The US is calling on Saudi Arabia to support an investigation into disappearance journalist Jamal Khashoggi who has been missing since last week.
And on Monday, Turkish President Tayyip Erdogan on Monday called on Riyadh to prove its claim the Saudi Arabian journalist left the Saudi consulate in Istanbul.
The disappearance of Khashoggi, previously a prominent newspaper editor in Saudi Arabia and an adviser to its former head of intelligence, has sparked global concern, particularly after Turkish sources said over the weekend that authorities believed he was killed inside the consulate.
Khashoggi left Saudi Arabia last year, saying he feared retribution for his criticism of Saudi policy in the Yemen war and its crackdown on dissent. He entered the consulate in Istanbul last Tuesday to get documents for his forthcoming marriage. Saudi officials have said that he left shortly afterward but his fiancée, who was waiting outside, said he never appeared.
"We have to get an outcome from this investigation as soon as possible. The consulate officials cannot save themselves by simply saying 'he has left,'" Erdogan told a news conference in Budapest, where he is on an official visit.
Erdogan, who said he was personally following the case, added that Turkey had no documents or evidence regarding the case.
A Saudi source at the consulate has denied that Khashoggi had been killed at the mission and said that the accusations were baseless. The consulate has also denied that Khashoggi was abducted.
Saudi Ambassador to the United States Prince Khalid bin Salman, the Saudi Crown Prince's brother, echoed these comments in a statement, adding that his country has sent a security team, with Turkey's approval, to assist in the investigation.
US President Donald Trump, in the first expression of concern by his administration on Khashoggi's disappearance, said he was troubled by reports about the journalist's fate.
"I am concerned about it. I don't like hearing about it. And hopefully that will sort itself out. Right now nobody knows anything about it, but there are some pretty bad stories going around. I do not like it," he told reporters at the White House.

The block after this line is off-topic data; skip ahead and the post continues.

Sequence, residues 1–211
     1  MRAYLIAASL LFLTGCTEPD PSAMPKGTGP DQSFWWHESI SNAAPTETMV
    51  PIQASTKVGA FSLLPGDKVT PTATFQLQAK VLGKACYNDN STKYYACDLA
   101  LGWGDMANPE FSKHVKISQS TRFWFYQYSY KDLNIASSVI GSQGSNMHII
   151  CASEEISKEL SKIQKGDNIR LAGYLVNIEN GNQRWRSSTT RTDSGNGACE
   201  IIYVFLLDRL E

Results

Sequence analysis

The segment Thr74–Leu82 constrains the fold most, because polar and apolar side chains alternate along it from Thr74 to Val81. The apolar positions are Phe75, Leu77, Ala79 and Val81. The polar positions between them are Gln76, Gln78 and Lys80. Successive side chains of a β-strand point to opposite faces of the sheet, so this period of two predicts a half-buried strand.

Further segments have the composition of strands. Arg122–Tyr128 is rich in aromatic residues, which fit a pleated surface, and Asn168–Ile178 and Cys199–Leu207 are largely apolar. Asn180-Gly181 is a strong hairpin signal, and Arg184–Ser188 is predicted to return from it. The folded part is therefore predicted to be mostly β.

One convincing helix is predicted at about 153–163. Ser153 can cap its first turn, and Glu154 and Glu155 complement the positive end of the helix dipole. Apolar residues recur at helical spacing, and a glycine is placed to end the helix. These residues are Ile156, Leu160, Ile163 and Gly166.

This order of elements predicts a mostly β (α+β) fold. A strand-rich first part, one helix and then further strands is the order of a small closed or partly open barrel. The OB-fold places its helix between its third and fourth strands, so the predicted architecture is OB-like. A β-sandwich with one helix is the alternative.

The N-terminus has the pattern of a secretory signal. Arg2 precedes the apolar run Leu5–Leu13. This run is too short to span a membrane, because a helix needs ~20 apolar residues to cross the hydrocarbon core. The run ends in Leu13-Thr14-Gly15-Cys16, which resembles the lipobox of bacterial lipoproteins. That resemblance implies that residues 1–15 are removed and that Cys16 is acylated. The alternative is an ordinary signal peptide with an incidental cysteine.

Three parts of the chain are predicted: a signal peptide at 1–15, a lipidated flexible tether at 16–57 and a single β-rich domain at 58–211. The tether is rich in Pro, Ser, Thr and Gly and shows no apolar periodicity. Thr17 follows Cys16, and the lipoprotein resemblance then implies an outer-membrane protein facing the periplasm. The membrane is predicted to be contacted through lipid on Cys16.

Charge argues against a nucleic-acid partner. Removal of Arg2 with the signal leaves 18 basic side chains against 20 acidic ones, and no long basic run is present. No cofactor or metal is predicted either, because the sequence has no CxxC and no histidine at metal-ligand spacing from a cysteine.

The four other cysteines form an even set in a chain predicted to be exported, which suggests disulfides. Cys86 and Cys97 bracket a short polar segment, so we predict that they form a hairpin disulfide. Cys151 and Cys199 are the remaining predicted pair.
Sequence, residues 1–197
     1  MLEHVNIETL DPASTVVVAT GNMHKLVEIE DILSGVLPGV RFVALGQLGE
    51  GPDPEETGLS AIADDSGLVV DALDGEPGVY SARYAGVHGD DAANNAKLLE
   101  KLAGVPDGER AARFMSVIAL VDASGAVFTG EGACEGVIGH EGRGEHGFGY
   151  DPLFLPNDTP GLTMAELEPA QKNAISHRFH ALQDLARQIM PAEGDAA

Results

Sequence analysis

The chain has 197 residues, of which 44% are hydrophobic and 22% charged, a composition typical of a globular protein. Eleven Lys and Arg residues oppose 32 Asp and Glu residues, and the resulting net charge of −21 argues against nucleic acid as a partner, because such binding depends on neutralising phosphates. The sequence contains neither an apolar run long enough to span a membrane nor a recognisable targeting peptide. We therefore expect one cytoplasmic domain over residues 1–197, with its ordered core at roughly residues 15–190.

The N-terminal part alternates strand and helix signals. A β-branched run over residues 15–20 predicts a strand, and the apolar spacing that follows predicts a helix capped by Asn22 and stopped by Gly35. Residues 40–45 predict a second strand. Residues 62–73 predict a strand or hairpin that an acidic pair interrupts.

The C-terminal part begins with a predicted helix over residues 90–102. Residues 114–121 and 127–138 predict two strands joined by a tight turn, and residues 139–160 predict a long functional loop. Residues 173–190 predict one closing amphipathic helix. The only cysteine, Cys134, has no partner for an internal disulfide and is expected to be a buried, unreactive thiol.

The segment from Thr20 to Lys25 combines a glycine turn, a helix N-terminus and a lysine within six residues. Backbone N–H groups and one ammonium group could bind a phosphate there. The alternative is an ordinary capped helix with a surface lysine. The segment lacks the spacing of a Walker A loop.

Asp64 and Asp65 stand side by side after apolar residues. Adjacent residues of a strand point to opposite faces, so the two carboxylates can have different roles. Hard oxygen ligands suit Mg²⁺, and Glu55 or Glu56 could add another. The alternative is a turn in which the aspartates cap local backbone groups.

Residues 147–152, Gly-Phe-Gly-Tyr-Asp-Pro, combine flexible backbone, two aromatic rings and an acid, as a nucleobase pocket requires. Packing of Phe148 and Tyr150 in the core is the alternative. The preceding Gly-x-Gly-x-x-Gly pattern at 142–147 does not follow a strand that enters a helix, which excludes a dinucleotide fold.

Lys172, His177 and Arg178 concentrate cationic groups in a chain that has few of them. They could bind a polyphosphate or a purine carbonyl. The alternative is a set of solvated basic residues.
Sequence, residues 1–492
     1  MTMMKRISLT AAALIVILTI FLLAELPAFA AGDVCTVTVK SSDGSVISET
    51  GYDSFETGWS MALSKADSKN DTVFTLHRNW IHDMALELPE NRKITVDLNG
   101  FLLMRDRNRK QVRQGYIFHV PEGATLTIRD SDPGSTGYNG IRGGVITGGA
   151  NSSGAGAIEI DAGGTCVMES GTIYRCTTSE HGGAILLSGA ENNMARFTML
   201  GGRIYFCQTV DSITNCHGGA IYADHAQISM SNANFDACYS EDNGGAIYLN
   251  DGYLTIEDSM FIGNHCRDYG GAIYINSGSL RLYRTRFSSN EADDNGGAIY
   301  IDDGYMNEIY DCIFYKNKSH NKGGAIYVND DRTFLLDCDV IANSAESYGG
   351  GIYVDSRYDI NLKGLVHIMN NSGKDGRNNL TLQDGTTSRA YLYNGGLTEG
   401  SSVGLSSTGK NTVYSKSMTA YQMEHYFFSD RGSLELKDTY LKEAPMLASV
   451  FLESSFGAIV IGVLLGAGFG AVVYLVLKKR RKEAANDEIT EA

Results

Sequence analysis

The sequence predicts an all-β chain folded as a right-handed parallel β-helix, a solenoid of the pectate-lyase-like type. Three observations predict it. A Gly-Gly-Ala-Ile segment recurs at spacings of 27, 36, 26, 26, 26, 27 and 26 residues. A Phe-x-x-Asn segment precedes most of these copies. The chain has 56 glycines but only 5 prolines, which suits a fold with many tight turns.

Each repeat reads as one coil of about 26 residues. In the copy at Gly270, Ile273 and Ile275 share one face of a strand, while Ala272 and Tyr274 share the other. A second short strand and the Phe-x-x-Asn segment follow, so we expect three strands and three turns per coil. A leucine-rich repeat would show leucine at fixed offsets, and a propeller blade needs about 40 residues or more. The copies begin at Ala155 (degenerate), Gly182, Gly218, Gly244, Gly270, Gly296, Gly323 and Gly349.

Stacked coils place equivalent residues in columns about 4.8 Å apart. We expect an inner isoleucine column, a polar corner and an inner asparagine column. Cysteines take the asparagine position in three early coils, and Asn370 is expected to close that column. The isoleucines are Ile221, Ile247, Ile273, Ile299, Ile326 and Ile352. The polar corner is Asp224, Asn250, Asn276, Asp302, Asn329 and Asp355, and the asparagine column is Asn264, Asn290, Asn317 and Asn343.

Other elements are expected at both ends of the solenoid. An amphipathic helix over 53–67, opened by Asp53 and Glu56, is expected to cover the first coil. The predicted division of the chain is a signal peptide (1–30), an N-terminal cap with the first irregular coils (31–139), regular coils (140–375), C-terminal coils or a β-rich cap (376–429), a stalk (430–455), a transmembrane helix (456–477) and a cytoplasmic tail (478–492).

US Secretary of State Mike Pompeo acknowledged the conflicting reports about the safety and whereabouts of Khashoggi. He said that senior state officials have been in communication with Riyadh.
"We call on the government of Saudi Arabia to support a thorough investigation of Mr. Khashoggi's disappearance and to be transparent about the results of that investigation," he said.
Vice President Mike Pence said, "Violence against journalists across the globe is a threat to freedom of the press & human rights. The free world deserves answers" in a Tweet on Monday evening.
Khashoggi is a familiar face on political talk shows on Arab satellite television networks and used to advise Prince Turki al-Faisal, former Saudi intelligence chief and ambassador to the United States and Britain.
His disappearance is likely to further deepen divisions between Turkey and Saudi Arabia. Relations were already strained after Turkey sent troops to the Gulf state of Qatar last year in a show of support after its Gulf neighbors, including Saudi Arabia, imposed an embargo on Doha.
Turkey asks to search
Turkey has asked for permission to search Saudi Arabia's consulate in Istanbul, broadcaster NTV said on Monday.
A Turkish official said Saudi Arabia's envoy to Ankara had been summoned to the foreign ministry for a second time on Sunday. "It has been conveyed to him that we expect full coordination in the investigation process," the official said.
The two Turkish sources told Reuters that Turkish authorities believe Khashoggi was deliberately killed inside the consulate, a view echoed by one of Erdogan's advisers, Yasin Aktay, who is a friend of the Saudi journalist.
Erdogan told reporters on Sunday that authorities were examining camera footage and airport records as part of their investigation.
Saudi Arabia's consul in Istanbul opened his mission to Reuters on Saturday in an effort to show that Khashoggi was not on the premises.
Reporting by Gergely Szakacs in Budapest and Tuvan Gumrukcu, Ece Toksabay, Tulay Karadeniz in Ankara, Jeff Mason and Yara Bayoumy in Washington, Brendan O'Brien in Milwaukee; Writing by David Dolan Editing by Toby Chopra, Dan Grebler, Toni Reinhold/Reuters.